Good looks don’t guarantee a payoff. Although profits have shrunk at Variety, the daily edition was still able to command as much as $60,000 for an advertisement and had a circulation of 28,000. (The weekly Variety has a circulation of about 30,000.) Ads on its and rivals’ websites are much cheaper.
“That money has to be made up somewhere,” publicist Rosenfield said.
Sobrino thinks the new weekly publication will be able to carry the load. “We’re delivering a far superior product compared to anything we’ve ever delivered,” she said.
Variety has been beefing up its editorial staff both to make sure its website is competitive and to create fresh content for the magazine. Recent hires include Scott Foundas, the well-regarded film critic formerly of the Village Voice.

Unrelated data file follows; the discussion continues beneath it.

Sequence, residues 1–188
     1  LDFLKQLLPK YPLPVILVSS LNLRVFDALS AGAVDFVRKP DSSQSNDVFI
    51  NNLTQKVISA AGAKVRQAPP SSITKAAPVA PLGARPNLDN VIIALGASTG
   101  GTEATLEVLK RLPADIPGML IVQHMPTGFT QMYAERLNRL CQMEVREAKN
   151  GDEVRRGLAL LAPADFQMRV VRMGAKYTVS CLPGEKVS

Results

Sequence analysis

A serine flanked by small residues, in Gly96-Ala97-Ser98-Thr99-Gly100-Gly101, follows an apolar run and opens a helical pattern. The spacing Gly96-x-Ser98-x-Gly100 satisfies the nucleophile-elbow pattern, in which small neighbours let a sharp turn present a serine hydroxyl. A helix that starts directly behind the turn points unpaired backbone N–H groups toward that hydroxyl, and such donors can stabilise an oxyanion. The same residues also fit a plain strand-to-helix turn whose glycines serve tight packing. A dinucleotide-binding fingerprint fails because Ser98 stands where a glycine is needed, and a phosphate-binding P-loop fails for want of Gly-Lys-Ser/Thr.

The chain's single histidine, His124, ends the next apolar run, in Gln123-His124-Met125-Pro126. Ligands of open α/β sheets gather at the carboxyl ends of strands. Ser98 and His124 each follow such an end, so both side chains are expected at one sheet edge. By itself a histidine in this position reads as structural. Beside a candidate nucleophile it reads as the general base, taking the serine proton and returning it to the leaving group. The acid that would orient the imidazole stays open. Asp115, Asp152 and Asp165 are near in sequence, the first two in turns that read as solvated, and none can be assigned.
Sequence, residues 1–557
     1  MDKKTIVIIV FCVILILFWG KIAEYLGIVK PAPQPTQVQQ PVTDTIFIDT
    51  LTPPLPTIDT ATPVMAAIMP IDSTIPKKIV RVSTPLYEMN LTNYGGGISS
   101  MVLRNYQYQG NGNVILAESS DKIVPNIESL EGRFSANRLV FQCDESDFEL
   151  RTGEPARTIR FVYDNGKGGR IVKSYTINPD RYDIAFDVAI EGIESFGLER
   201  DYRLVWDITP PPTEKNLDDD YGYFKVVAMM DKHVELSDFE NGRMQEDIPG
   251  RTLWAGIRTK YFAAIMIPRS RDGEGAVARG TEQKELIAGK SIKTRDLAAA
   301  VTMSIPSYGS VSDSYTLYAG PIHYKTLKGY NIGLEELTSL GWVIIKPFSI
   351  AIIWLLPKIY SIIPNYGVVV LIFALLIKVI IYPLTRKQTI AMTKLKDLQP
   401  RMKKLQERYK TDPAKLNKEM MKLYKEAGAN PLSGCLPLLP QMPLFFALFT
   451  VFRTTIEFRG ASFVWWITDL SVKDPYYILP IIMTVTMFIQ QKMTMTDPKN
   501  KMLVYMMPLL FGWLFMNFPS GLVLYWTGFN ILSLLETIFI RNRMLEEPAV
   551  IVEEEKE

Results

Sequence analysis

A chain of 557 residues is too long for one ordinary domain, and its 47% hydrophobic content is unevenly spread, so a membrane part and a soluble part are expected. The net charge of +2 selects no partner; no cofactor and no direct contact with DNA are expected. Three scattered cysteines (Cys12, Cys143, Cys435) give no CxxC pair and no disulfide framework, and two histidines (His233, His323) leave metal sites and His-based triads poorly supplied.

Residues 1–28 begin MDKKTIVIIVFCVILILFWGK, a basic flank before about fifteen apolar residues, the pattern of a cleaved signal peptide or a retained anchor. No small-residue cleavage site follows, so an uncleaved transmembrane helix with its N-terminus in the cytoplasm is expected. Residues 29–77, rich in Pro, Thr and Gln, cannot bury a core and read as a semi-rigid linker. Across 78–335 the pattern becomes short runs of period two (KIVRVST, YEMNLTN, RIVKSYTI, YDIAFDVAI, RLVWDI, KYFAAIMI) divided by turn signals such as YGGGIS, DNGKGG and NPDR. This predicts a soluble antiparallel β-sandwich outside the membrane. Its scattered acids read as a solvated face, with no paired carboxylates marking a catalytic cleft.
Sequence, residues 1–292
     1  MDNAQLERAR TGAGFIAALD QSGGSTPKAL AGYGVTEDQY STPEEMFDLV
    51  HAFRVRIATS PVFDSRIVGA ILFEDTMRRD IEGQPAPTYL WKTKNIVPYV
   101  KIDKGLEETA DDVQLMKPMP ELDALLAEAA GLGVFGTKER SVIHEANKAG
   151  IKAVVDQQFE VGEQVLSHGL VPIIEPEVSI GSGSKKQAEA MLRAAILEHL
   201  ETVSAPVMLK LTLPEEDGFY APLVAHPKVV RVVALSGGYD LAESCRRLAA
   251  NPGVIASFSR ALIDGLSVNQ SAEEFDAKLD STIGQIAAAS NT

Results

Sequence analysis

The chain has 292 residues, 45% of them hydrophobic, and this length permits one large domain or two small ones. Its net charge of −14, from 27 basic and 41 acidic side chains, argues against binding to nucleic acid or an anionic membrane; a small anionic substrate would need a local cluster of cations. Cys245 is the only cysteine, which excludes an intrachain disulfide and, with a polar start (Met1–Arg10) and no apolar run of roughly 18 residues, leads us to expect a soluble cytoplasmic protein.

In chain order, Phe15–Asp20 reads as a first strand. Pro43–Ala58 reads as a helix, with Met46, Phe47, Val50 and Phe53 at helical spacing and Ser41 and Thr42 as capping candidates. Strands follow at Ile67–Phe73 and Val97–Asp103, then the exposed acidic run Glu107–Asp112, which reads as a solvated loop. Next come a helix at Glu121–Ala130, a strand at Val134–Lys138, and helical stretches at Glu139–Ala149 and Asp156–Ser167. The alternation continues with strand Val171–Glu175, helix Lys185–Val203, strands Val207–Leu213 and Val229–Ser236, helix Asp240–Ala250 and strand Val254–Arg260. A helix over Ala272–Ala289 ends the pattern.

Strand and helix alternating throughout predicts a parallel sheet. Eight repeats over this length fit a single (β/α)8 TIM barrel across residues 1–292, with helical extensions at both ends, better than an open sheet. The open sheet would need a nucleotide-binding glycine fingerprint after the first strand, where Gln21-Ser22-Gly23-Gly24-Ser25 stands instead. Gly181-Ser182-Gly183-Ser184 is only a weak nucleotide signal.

Although a case could be made for combining Variety and Deadline, since both are fighting for the same scoops and the same eyeballs, Sobrino said the two “will remain separate and distinct.”
Indeed, one would never know from reading Deadline.com that it and Variety are now owned by the same parent. Finke has never been shy about criticizing Variety and other Hollywood trades and when the plans to shut Daily Variety in favor of a bigger Web presence and the weekly magazine were unveiled, the story about it on Deadline bore the headline, “Can This Failing Trade Be Saved?”
Asked about Finke’s caustic coverage of Variety’s efforts to revitalize itself, Sobrino declined to comment.
Although much of Hollywood is now accustomed to getting its news on computers, tablets and phones, Wednesday will still be an adjustment for those used to starting their day with the industry’s last remaining trade daily.
“Being an old-timer, I still like to hold things in my hand,” Moonves said. “Now in the morning it’ll just be me and my BlackBerry.”